One day I was behind an elderly woman in line. She said that she was eighty, but, that when she first got in line she was only sixty, which is why she didn't feel right about standing in the special line.
Even if only one or two people are in front of you at the Carrefour, it can take ages to check out. The cashier will usually need to do one if not several time consuming activities.
The price check. This buying hurdle occurs when an item isn't priced. The price check requires the cashier to summons a store team member to roller skate over to their register. If the price checker can safely reach the cashier without having to field customer inquiries, and without knocking over merchandise or customers, the process moves to stage two.
Stage two is the committee meeting between the cashier, the price checker, and the non-priced item. If the two employees are about the same age, often in their early twenties, this may progress to stage three. Otherwise, the employees skip to stage five.
Stage three includes a personal conversation between the two employees about how long they have been working at Carrefour, and whether they like their job or think it sucks. If the two employees are of the opposite sex and or attracted to each other, this may develop into stage four. Otherwise, the employees skip to stage five.
Stage four is when the mutual attraction intensifies and flirting begins. Non-bogus phone numbers and e-mail addresses are often exchanged. They may even plan an upcoming date at the mall.
Stage five is when the price checker pulls out his compass and map of the store or Never Lost Satellite system, and ventures out to track down the price.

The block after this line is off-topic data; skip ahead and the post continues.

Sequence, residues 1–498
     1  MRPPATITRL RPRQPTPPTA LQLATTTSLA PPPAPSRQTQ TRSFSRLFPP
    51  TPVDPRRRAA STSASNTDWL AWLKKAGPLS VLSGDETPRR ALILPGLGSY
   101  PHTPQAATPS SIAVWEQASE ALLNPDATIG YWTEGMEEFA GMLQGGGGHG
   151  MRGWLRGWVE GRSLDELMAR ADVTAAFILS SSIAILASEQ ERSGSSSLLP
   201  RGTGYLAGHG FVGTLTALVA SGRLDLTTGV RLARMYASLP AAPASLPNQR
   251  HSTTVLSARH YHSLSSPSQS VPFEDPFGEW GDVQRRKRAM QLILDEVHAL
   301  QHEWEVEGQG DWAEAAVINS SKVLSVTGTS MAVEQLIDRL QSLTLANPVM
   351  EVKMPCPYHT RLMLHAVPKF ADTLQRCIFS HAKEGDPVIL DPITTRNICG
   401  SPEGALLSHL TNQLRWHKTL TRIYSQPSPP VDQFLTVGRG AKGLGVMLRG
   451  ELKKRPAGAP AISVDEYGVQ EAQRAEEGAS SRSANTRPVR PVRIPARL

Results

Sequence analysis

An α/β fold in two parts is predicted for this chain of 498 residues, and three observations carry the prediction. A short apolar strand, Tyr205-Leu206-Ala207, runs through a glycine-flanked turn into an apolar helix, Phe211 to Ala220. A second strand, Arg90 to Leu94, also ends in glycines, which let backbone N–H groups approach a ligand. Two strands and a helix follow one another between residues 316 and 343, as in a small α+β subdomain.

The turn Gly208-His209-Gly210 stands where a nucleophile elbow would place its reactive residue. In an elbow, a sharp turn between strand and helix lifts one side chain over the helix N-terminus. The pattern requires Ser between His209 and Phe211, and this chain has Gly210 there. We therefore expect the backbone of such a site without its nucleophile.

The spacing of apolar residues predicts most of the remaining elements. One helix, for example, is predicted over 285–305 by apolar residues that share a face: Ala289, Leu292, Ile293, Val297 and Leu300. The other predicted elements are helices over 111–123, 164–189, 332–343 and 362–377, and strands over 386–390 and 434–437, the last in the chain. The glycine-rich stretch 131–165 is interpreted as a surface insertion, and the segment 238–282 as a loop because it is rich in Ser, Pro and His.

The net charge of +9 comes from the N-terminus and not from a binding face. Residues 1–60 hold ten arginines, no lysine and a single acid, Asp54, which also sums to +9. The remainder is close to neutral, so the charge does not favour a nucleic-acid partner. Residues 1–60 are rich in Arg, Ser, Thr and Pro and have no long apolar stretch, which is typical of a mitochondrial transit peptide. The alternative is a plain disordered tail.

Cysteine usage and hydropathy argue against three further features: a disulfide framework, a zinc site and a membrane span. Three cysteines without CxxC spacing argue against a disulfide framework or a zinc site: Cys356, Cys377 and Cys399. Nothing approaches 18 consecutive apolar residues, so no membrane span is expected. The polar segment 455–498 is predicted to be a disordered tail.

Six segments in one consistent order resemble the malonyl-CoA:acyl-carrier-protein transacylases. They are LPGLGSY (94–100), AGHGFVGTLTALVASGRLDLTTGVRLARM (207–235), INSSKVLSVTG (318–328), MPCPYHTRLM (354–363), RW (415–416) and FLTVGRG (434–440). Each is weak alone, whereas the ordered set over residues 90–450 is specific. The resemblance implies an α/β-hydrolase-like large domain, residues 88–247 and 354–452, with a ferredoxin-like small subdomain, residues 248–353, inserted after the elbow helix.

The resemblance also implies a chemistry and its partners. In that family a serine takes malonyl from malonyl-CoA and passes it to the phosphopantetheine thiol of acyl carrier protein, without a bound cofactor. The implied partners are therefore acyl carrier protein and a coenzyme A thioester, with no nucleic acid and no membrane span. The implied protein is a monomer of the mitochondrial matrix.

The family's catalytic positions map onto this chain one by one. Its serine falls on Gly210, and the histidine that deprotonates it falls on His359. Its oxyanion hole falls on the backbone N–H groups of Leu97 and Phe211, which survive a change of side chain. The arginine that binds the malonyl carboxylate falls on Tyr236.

Stage six is when the price checker returns to the cashier with the price. Both employees separate until the next business or social encounter.
After a price check is completed, this raises other potential, time delaying issues. Does the customer still wish to purchase the item? For instance, do they still want the box of ice cream bars that have turned into a puddle?
During one of my price check torments, I was in line behind a couple who had just gotten the price for a six-pack of beer. The couple had a long discussion as to whether or not they would still like to buy the six-pack. Although I don't understand much Portuguese, since communication is 70% non-verbal, I could fill in the blanks.
"That beer has gone up two reais! You don't need it and it's not in our food budget. And, why do you want to buy those chips? "
"Because, I like them."
"No, it's because you want to snack in front of the TV at night, instead of listen to me talk about my day. We aren't buying them."
So, that price check wasted an hour of my life, an hour that I could have been watching The O.C. (Orange County). But, on a positive note, the price check for the six-pack of beer resulted in a date between the young cashier and price checker. I hear they're expecting a baby and are engaged to married.
Another frustrating checkout obstacle is investigating customer's money to see if it's counterfeit. A sweet looking older woman was trying to pay for her groceries with about twelve various bills to make up about 60 reais or twenty seven US dollars.